Population Genetic Study of Rutilus frisii kutum (Kamansky 1901) from the Caspian Sea; Iran and Azerbaijan Regions, using Microsatellite Markers
The genetic diversity and population structure of Rutilus frisii kutum from three regions in the Iranian coastline and one region from Azerbaijan were investigated using microsatellite DNA markers. Genomic DNA from 140 specimens was extracted and using PCR approach nine loci with reasonable polymorphism were amplified. The results showed that the lowest mean number of alleles per locus (5.22) was observed in Tonekabon River and the highest (5.77) in Azerbaijan population. The observed heterozygosity in the Tonekabon River (0.625) population was higher than those of the other two populations in Iran and Azerbaijan population (0.473). Significant deviations from HWE were found at more loci in the Iranian populations than Azeri population. In spite of geographical distance, both the highest and lowest population differentiation (Fst) value was between Iranian populations not among the Iranian and Azerbaijan populations. The highest and significant was between Khoshkrud and Tonekabon (0.098) and the lowest and significant was between Khoshkrud and Gorganrud (0.062). The genetic distance was the lowest (0.27) between the Khoshkrud and Gorganrud populations, whereas the highest distance (0.493) was between Khoshkrud and Tonekabon River.The AMOVA analysis with consideration of 2 sampling regions (Iran and Azerbaijan) and 4 sampling locations (Iran: Khoshkrud, Tonekabon, Gorganrud and Azerbaijan: the Kura mouth) revealed that almost all of the variance in data namely 86% (p = 0.01) was within locations, genetic variances among locations was 12% (p = 0.01) and among regions was 2% (p = 0.01). The reported results could be of interest for management and conservation programmes of this species in the Caspian Sea.
to cite this article:
L.S. Kavan, S.R. Gilkolaei, G. Vossoughi, S.M.R. Fatemi, R. Safari and S. Jamili, 2009. Population Genetic Study of Rutilus frisii kutum (Kamansky 1901) from the Caspian Sea; Iran and Azerbaijan Regions, using Microsatellite Markers. Journal of Fisheries and Aquatic Science, 4: 316-322.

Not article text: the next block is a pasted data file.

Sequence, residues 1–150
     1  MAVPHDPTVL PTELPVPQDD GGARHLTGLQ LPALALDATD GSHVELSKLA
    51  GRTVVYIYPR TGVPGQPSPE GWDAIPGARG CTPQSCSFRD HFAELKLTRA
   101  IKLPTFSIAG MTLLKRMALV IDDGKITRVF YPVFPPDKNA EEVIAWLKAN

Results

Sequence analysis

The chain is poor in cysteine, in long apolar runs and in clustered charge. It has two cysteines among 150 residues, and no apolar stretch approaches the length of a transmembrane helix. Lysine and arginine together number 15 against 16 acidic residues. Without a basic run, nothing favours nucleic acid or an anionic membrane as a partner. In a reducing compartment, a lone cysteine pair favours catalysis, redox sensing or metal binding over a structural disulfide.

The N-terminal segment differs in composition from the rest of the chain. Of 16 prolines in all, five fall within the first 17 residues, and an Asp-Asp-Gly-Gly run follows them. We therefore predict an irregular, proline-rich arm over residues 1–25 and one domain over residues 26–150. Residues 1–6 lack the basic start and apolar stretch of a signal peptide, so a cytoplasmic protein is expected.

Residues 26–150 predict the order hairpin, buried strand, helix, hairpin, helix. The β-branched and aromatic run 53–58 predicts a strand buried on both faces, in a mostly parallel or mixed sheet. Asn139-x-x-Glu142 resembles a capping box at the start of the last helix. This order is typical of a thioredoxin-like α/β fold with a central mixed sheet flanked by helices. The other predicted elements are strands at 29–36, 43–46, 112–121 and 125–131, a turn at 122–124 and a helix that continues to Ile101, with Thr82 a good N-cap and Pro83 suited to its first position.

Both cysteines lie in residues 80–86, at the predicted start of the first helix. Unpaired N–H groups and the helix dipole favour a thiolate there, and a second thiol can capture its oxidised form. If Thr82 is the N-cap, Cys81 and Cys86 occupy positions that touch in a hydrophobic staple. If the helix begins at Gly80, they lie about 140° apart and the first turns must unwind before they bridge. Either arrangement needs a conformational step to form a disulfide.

Kutum, Rutilus frisii kutum (Kamenskii, 1901), live in the Caspian Sea
near the coast, including Azeri, Russian, Turkmen and Iranian waters. This species
is known as a migratory anadromous fish spawning in rivers (Iranian Coastline:
Haviq, Lemir, Khoshkrud, Tajan, Shafarud, Gorganrud; Azerbaijan: Kura) in March-April.
This is a very valuable commercial fish in the southern part of the Caspian
Sea and has a great demand, due to its good taste and culinary customs of the
local people. Its stocks declined dramatically mainly due to over fishing,
illegal catch, pollution and deterioration of habitats and natural spawning
grounds in most of its spawning. In the 2000 IUCN Red List this species has
been listed as Data Deficient (Taylor and Mittermeier, 2000). Coad (2000), using
18 criteria, found this species to be one of the top 4 threatened species of
freshwater fishes in Iran. Therefore, artificial propagation became the chief
way for the maintenance and increase of Kutum abundance. About 140 million specimens
of kutum fingerlings (1-2 g weight) are released into the sea annually from
two Iranian hatcheries; this resulted in significant increase of catches of
Iran in recent years. Scince well established that genetic variation promotes
adaptation to changing environmental conditions and heterozygous individuals
are usually superior to less heterozygous individuals in many economically important
characteristics like growth, fertility and disease resistance (Beardmore et
al., 1997), conservation of resources is an essential component of species
management programmes (Connell and Wright, 1997; Gilkolaei, 1997). An effective
strategy for the conservation of a particular species should, part in, be determined
by information on its genetic structure.
Microsatellites represent co-dominant molecular genetic markers, which are ubiquitously distributed within genomes. Due to their high level of polymorphism, relatively small size and rapid detection protocols, these markers are widely used in a variety of fundamental and applied fields of life and medical sciences. In the field of aquaculture, microsatellites represent workhorse markers, which are useful for the characterization of genetic stocks, broodstock selection, constructing dense linkage maps, mapping economically important quantitative traits, identifying genes responsible for these traits and application to marker assisted breeding programmes (Chistiakov et al., 2006). The objective of this study was to compare the levels of genetic variation of Kutum samples between Iranian and Azeri populations based on microsatellites.
MATERIALS AND METHODS
Fish Samples and DNA Extraction
The fish were caught from 3 different regions of the Iranian coastline (Khoshkrud,
Tonekabon, Gorganrud) and 1 region in Azerbaijan (Waters of the Caspian Sea